"On the 4th of May," writes Tyler, "an order was read from Col. Cooke, giving the Battalion the privilege of being discharged on condition of being re-enlisted for three years as U. S. Dragoons; but under the circumstances the generous proposition could not consistently [59]be accepted." General Kearny addressed the Battalion on the 10th of May: "He sympathized with us in the unsettled condition of our people," says Tyler, "but thought, as their final destination was not definitely settled, [in this of course the General's information was defective] we had better re-enlist for another year, by which time the war would doubtless be ended, and our families settled in some permanent location. In conclusion he said he would take pleasure in representing our patriotism to the President, and in the halls of congress, and give us the justice our praiseworthy conduct had merited." It was on this occasion, according to Tyler, that Gen. Kearny in praising the Battalion said: "Bonaparte crossed the Alps, but these men have crossed a continent."[59:b]

Col. Jonathan D. Stevenson of the New York volunteers, who succeeded Col. Cooke in command of the Battalion by being given command of the southern district of California—Col. Cooke having been detailed to accompany Kearny on his return to the east—made an effort to induce the Battalion to re-enlist. Stevenson's effort was prompted by Governor Richard B. Mason's instructions. Stevenson represented among the advantages of the Battalion's re-enlistment, the privilege of choosing their own officers, "and the fact that the Mormon commander would be the third in rank among the officers of California, and might become first."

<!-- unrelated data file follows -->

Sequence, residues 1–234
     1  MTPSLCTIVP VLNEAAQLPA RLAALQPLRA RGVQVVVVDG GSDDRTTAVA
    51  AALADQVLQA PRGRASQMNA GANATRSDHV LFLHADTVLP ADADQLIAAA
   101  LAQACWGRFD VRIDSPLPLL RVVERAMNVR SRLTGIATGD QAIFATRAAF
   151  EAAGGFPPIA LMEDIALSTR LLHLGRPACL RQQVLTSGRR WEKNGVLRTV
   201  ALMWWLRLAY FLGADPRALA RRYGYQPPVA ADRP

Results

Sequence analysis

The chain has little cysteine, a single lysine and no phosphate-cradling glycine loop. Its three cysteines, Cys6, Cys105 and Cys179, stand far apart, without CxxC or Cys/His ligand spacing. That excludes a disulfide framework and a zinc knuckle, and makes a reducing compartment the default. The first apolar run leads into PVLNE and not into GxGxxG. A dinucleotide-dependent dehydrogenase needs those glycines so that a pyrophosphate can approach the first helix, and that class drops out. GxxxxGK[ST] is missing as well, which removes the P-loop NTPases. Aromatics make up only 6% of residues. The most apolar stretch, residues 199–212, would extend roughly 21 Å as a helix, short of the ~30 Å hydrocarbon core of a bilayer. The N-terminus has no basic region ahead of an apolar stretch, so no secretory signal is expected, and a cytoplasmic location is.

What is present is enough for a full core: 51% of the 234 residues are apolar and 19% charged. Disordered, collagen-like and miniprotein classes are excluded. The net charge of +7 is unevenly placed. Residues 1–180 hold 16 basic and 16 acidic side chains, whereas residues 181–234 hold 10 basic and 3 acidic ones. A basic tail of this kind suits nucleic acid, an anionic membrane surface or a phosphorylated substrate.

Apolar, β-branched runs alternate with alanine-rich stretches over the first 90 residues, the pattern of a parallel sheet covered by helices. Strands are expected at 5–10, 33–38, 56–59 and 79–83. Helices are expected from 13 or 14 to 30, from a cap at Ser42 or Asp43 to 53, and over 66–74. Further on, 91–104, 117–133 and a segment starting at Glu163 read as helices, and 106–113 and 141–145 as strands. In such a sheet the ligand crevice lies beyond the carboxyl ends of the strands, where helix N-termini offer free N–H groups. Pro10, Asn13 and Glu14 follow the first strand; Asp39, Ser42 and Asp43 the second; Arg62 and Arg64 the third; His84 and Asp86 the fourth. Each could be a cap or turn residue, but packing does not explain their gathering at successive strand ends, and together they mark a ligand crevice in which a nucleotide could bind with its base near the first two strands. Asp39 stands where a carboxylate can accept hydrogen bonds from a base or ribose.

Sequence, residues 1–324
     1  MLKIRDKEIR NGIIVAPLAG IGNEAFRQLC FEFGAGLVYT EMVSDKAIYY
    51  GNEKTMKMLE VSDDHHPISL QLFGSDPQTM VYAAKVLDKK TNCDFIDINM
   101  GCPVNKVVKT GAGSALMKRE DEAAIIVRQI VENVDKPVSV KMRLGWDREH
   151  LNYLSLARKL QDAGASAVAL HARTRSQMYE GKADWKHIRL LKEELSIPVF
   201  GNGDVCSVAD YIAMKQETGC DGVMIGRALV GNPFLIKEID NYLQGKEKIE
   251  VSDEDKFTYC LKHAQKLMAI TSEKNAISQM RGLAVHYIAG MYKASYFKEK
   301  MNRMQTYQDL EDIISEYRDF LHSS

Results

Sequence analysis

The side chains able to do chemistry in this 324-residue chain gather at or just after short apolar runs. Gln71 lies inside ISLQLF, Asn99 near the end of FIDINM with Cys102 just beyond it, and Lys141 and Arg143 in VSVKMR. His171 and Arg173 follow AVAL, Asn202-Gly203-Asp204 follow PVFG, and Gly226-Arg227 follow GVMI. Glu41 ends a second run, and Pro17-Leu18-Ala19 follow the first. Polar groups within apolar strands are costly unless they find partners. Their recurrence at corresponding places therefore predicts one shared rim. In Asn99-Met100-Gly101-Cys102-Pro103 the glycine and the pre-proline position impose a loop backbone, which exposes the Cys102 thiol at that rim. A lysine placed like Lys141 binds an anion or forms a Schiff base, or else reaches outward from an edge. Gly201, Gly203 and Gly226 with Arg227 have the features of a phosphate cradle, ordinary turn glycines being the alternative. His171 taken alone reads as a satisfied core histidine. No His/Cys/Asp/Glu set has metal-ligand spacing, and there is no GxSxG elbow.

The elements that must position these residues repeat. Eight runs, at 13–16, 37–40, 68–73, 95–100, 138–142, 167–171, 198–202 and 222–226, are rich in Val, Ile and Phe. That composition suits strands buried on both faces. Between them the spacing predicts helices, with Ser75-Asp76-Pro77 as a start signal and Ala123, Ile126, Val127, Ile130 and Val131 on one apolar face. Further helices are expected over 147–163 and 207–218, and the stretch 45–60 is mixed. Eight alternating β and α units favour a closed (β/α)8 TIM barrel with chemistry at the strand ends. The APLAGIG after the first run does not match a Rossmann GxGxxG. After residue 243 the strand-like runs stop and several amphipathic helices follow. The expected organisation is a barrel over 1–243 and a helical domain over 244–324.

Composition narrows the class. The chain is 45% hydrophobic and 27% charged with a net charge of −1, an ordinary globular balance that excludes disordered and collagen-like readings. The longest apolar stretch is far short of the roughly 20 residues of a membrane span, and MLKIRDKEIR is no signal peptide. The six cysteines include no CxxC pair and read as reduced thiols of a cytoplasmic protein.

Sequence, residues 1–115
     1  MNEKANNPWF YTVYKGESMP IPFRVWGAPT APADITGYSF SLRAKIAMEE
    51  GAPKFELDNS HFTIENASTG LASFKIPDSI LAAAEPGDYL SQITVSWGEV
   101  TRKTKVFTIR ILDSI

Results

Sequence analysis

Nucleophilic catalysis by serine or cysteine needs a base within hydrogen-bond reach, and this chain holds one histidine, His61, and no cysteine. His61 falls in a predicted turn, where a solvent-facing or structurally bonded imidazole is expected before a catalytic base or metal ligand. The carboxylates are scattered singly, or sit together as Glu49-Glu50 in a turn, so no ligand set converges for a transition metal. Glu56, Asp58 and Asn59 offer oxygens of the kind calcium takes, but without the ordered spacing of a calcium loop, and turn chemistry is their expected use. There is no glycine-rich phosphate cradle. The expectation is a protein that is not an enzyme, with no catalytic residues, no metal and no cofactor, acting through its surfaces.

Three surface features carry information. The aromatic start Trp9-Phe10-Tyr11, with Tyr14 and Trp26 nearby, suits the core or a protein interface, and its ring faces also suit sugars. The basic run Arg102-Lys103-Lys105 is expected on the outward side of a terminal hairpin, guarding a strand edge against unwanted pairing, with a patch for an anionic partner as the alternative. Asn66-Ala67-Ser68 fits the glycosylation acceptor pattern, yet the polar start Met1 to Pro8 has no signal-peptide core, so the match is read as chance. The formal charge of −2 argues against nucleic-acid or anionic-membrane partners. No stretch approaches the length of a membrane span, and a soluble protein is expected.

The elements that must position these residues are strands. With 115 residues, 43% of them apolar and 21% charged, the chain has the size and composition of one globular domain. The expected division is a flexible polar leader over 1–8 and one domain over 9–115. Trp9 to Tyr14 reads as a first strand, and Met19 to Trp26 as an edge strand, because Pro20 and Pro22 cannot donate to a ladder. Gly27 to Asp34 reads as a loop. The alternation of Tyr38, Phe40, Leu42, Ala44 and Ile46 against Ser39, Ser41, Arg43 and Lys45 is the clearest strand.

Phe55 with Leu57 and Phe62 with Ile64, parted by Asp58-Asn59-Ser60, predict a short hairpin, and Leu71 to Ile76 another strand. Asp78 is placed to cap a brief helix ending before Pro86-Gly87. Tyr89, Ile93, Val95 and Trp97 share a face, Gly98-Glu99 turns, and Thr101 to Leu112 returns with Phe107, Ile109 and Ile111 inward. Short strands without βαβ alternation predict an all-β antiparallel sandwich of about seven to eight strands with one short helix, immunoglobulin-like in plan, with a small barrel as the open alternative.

The Battalion's officers quite generally favored re-enlistment, but not so the men, who, under the leadership of "Father" Pettegrew, William Hyde, and Sergeant Tyler, were in favor of returning to their families and the body of their people.

[60]The result of the effort at re-enlistment was, that a company of eighty-one, officers and men, re-enlisted for six months, and performed garrison service at San Diego.